Mayors have been doing things in their own cites, and the White House recognizes that. The White House is asking us, “How can we support you, since we won’t get large environment legislation through Congress?”
What are some specific reforms you’ve made in Carmel?
I issued an executive order to require all [city] fleets to be electric. We are hydrogen testing. We are a huge user of electricity, and we get it from coal plants. Now we’re taking the flame and using it to turn product into fertilizer. We used to spend half of a million dollars a year on this, and now we’re using it and selling it to landscapers and giving it away to our constituents.
We’re developing our city center core as a pedestrian-friendly, walkable environment.
We have built more roundabouts than any other city in country. We do it because it’s cheap to build, reduces accidents, and we save millions of gallons of fuel per year.
How is politics affecting the process of change?
That’s important if you look at the history of leadership on fighting climate change in the US, it’s traditionally come from Republican Party
It started with [Teddy] Roosevelt setting aside millions of acres of land for a federal park system. It was [Richard] Nixon who signed the bill that set up the Environmental Protection Agency and started Earth Day. He signed the Endangered Species Act.
I remember [Ronald] Reagan and [UK Prime Minister Margaret] Thatcher talking about climate change in the 1980s. She understood that the climate was changing and caused by man-made activities.
People from both sides of aisle should want those things, and it doesn’t make sense to make this a partisan issue.
Rick Piltz is the director of Climate Science Watch for the Government Accountability Project. He was a senior associate for the US government’s Climate Change Science Program.
Does Obama’s climate initiative address the issue?
A solid climate initiative has to have both adaption and prevention. There is no way you can adapt to the amount of climate change that we’re going to get on the path that we’re at now on burning fossil fuels all around the world.
We’re on a path to get global warming and global disruption that will be probably beyond the ability to really adapt to. There are limits to adaptations. It’s expensive. It can only take you so far.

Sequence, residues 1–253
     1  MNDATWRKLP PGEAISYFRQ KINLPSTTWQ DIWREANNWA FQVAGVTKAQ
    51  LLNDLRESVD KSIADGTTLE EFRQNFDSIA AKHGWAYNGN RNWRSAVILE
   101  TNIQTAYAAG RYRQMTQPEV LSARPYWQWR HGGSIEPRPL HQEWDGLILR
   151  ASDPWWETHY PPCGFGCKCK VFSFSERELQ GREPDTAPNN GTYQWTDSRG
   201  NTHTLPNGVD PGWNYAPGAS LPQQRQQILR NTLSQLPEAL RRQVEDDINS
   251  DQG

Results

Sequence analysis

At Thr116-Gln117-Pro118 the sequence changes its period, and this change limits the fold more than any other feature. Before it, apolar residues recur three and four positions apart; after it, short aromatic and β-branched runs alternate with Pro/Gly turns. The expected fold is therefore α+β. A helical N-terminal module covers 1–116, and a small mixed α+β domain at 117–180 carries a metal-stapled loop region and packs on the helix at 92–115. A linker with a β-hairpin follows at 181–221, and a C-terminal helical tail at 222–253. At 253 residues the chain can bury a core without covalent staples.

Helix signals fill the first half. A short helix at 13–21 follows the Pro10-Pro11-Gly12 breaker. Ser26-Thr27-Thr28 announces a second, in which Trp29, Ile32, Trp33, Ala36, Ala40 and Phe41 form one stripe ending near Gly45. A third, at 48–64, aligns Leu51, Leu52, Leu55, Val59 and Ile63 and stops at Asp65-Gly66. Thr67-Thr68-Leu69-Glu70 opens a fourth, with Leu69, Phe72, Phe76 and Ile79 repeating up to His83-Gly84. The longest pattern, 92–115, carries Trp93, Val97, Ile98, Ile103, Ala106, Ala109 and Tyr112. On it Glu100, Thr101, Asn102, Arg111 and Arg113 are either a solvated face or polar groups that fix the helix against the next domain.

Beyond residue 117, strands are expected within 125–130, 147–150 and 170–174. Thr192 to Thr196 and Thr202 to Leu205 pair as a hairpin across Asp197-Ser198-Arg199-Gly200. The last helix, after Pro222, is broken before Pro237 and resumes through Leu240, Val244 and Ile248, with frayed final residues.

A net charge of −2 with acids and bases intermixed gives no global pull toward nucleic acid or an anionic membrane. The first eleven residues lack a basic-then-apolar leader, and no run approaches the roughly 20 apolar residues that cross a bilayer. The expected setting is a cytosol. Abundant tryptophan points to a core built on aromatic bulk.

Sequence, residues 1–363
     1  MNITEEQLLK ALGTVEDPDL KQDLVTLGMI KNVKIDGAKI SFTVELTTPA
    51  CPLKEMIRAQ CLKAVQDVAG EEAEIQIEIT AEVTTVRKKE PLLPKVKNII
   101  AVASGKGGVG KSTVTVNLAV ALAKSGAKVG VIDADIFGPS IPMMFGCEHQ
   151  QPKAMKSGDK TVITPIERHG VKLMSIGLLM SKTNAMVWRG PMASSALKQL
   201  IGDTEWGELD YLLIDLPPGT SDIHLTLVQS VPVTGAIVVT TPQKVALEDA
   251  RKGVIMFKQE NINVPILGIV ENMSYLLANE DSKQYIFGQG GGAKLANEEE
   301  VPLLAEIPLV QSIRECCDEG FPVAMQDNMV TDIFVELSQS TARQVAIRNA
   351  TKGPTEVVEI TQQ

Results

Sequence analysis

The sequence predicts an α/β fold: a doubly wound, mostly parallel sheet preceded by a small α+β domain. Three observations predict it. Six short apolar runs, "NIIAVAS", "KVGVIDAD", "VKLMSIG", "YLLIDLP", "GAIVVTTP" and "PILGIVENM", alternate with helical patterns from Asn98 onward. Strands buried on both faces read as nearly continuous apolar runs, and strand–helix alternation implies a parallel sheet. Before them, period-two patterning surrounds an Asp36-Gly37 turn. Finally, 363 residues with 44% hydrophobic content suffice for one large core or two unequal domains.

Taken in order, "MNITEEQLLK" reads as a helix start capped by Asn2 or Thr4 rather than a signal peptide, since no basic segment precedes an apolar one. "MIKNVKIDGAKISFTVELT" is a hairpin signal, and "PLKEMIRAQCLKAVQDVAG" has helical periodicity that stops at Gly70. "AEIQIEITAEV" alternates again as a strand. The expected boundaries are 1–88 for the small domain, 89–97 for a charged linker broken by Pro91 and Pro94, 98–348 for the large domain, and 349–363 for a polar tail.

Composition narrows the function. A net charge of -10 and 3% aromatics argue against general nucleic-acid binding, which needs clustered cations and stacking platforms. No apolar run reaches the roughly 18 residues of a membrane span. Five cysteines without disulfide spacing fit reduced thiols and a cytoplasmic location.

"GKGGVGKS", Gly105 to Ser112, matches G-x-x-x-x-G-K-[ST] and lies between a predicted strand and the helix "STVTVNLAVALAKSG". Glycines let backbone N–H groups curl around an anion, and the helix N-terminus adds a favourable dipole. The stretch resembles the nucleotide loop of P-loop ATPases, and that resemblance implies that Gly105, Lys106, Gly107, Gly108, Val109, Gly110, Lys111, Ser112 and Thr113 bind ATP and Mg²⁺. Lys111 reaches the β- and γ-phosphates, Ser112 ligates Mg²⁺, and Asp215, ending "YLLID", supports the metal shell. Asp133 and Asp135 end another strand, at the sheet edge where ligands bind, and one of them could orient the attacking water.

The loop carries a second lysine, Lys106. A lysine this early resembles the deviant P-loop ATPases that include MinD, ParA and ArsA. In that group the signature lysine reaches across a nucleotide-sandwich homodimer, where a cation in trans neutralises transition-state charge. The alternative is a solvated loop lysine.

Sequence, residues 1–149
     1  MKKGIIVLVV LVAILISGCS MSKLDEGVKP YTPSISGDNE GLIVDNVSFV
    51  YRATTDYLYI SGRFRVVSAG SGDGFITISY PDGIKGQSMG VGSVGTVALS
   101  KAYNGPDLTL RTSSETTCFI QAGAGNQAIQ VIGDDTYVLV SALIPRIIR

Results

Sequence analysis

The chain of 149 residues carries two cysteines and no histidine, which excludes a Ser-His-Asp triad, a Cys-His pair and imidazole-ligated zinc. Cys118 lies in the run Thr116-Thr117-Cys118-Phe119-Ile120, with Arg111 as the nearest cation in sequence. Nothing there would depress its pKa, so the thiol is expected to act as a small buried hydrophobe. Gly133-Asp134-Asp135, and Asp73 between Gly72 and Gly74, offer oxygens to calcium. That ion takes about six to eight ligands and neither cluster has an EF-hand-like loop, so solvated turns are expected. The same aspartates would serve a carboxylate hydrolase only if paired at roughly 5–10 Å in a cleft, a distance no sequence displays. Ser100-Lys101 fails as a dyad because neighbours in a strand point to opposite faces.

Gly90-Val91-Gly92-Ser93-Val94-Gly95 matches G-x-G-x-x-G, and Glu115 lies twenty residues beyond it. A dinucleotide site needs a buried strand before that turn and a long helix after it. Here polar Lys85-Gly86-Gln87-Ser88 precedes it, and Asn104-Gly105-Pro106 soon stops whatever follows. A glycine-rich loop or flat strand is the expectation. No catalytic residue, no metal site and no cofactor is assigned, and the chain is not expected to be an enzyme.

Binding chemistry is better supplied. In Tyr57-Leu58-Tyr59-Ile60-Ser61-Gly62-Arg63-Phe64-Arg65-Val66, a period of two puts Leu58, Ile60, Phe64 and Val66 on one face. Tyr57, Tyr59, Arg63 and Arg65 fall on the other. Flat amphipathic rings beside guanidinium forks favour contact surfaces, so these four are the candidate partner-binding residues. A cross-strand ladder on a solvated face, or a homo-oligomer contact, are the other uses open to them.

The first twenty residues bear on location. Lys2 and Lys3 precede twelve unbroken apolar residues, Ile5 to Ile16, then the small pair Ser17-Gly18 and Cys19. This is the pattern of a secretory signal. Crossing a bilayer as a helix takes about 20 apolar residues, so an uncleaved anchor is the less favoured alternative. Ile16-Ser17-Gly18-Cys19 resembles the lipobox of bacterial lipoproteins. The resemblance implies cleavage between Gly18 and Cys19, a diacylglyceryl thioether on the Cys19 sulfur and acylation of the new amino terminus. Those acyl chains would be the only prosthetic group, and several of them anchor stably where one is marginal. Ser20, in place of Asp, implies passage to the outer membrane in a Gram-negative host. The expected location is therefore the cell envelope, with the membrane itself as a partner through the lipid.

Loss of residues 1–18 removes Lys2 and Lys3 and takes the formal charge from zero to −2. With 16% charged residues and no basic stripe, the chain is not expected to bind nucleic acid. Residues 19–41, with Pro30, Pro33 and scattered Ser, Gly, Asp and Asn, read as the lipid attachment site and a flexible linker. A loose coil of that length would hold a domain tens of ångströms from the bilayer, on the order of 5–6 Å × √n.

I think it’s good that Obama’s climate plan has both migration and preparedness. That much is right. There is no reason why we can’t be doing both fronts at once.
But the thing is, in order to get someone like the mayor of Mobil, Alabama — where they don’t even admit that climate change is real — they won’t likely do anything for preparedness. How do you get to parts of country that aren’t being progressive and proactive and not taking this seriously?
In absence of any action from Washington, what can be done? Can state and local governments really carry it on their own?
You want to see innovative things on the local level, and then that becomes contagious and adopt it elsewhere. But the problem is larger than can be dealt with strictly on local level. It has to be also international.
I think what Obama is doing with this initiative, with very limited resources, is trying to use existing authorities and resources of the executive branch to say, “OK, this emergency management agency is going to require states to get disaster aid, and the Agricultural Department is going to do smart gird projects. We’re going to have a contest for which citizens can have the best resilience plans and help fund those plans.
What are the costs associated with adaptation?
I think that climate change adapters is likely to be an expensive proposition. If you look at the full range — drought, wildfire, coastal zones with sea level rise and severe storms, the public health system, disease vectors, disrupted supply — and to try to analyze it at all levels of government, such as how you’re likely to be adversely affected by climate change and what you could actually do to reduce the damage, it’s a tremendously complicated problem.
You can’t do it for free. You have to devote resources to infrastructure. But everything costs money to be more resilient to climate change. Maybe it can be done in a way to create jobs, but I think it’s just the very beginning — the very beginning — of something that’s going to have to be throughout fabric of this whole society.